Activiti has special support for business models using JPA. And this is a great setup, but not quite what I had in mind. The workflow-centric setup makes all the applications subordinates of the workflow. And if you happen to run an JEE EJB server, than that also is a great place to have the workflow execute. But my idea was more along the lines of:

The BM is still the primary, the workflow only replaces the normally hard coded order in which certain things are done. The appropriate methods in the BM can be called from the application, or by the workflow, and the BM checks and forwards the associated workflow. For example; you can only call a purchase order’s “buy” method, if the associated workflow is in the “approved” state.

In the end, no matter which architectural concept is used, there still is this problem that there are two arrows pointing to two databases. And those need to be kept in sync; if either fails, the other cannot commit it changes. And even if you put both sets of tables in the same database, they still be will accessed through separate connections, because Activiti and Eclipselink have their own connection management. This is where JTA-XA (distributed transaction management) comes in.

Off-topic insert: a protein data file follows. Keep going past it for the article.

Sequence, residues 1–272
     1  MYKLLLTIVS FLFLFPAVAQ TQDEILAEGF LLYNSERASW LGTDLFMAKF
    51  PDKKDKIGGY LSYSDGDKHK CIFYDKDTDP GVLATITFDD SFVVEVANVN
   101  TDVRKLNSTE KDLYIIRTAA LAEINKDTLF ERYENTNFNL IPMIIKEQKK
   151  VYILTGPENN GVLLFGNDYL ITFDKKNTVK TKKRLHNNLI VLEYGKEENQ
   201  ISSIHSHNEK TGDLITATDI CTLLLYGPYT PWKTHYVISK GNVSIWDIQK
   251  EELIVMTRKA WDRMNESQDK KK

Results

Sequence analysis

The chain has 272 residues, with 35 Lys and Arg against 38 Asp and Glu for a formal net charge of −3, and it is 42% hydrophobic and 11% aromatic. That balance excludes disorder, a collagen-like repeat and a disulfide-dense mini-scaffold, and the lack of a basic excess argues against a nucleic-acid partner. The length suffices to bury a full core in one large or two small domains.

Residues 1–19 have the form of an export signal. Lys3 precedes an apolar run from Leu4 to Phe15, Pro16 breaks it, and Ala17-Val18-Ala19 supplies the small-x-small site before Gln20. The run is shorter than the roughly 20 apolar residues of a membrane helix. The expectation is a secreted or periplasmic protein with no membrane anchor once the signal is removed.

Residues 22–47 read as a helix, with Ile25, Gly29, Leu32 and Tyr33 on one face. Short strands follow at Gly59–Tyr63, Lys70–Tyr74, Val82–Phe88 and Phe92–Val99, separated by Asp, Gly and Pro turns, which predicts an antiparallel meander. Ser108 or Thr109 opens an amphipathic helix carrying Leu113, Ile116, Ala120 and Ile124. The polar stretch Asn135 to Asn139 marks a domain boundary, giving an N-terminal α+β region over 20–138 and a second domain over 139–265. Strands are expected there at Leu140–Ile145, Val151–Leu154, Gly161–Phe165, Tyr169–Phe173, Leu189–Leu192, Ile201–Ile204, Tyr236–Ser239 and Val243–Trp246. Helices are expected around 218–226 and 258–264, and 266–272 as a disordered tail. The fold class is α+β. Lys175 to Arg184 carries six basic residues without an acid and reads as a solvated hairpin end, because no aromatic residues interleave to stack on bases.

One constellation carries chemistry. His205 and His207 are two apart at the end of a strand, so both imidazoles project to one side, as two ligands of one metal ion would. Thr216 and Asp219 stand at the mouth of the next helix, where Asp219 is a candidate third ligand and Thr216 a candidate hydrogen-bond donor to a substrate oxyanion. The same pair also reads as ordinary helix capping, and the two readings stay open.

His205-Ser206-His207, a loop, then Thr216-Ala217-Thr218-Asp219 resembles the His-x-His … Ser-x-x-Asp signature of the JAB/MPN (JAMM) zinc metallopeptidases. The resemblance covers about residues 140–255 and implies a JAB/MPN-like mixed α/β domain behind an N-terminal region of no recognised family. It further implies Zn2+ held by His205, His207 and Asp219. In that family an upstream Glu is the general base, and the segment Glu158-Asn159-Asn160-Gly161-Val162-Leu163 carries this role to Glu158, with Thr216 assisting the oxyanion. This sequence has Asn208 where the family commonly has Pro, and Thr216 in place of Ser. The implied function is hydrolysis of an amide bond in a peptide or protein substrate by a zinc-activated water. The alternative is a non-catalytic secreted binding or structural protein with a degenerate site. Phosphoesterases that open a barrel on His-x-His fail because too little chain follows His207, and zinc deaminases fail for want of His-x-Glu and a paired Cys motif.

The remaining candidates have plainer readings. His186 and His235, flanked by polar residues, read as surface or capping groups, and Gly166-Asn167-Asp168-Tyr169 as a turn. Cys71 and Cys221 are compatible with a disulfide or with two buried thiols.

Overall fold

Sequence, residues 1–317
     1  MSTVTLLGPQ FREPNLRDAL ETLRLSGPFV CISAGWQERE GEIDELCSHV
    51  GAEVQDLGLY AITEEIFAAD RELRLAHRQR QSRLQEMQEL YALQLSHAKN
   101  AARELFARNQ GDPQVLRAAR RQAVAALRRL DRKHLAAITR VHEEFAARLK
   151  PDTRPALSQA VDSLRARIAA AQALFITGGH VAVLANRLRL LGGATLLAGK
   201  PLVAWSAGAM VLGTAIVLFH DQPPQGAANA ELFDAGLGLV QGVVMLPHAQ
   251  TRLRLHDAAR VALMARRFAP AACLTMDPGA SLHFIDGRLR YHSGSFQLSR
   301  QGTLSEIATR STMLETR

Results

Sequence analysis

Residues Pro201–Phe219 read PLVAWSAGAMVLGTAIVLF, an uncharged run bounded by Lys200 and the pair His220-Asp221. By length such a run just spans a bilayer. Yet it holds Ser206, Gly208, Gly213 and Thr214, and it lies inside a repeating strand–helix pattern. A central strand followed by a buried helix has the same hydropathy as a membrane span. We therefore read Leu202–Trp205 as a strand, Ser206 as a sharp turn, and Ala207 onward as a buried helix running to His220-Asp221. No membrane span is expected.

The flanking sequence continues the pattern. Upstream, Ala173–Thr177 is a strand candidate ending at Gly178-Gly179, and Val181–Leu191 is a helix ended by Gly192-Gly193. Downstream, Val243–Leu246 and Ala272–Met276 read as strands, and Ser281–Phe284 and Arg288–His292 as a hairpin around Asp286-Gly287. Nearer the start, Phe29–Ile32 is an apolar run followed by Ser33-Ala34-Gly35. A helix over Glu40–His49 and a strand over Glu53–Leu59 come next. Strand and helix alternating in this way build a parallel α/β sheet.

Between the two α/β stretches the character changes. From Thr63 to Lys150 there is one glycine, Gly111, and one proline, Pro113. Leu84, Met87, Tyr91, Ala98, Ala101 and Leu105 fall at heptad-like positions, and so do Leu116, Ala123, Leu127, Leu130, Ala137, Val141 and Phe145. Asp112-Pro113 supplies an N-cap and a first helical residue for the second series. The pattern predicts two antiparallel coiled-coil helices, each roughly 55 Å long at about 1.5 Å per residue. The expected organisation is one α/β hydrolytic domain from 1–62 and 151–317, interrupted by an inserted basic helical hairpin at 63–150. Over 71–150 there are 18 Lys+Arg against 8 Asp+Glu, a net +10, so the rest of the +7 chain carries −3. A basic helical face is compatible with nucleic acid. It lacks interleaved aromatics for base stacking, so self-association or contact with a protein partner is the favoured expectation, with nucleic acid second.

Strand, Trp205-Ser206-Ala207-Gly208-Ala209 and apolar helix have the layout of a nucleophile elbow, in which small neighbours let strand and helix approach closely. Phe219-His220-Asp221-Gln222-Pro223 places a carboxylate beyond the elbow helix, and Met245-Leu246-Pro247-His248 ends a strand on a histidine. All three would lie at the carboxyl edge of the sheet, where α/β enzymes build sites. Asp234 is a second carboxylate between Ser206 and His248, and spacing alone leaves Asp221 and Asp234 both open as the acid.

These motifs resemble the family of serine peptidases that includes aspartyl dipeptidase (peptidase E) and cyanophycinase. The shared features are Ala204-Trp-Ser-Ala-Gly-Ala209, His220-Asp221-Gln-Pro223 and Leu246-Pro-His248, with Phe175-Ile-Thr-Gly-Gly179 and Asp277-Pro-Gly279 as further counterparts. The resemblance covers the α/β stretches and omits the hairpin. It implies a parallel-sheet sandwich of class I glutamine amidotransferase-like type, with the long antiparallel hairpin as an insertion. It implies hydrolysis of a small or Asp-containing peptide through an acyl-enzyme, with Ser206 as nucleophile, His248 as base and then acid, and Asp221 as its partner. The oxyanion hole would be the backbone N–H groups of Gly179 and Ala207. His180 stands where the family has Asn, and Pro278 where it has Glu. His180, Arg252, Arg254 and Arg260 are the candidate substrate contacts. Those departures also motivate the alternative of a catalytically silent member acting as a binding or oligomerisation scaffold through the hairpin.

Because the BM is distributed as a single jar, there is no guarantee that a container like JBoss will provide a JTA-XA implementation. The BM can also run in Tomcat, or stand alone in Swing, or in a simple batch process. This means that JTA-XA in certain usages is added as a stand alone library. As with workflows, there are a number of free alternatives to choose from, two are mentioned most frequently; Atomikos and Bitronix. Bitronix has the reputation to be easy to setup, so I went with that one.

Naturally my BM has a bunch of unit tests to make sure it does, and keeps doing, what it is supposed to. So the first step in this project was to get the BM setup for the unit tests. Below is a straight through piece of code that does the whole enchilada:

public class BitronixTrial
	public static void main(String[] args)
	throws SecurityException, IllegalStateException, RollbackException, HeuristicMixedException, HeuristicRollbackException, SystemException, NamingException, NotSupportedException
		// setup JTA-XA (Bitronix) with two datasource that it needs to keep in sync
		// first the datasource for the business model
		PoolingDataSource lPoolingDataSourceFrozn = new PoolingDataSource();
        lPoolingDataSourceFrozn.getDriverProperties().setProperty("serverName", "");
        lPoolingDataSourceFrozn.getDriverProperties().setProperty("databaseName", "frozn");
        lPoolingDataSourceFrozn.getDriverProperties().setProperty("user", "postgres");
        lPoolingDataSourceFrozn.getDriverProperties().setProperty("password", "postgres");
        // and then the data source for Activiti
		PoolingDataSource lPoolingDataSourceActiviti = new PoolingDataSource();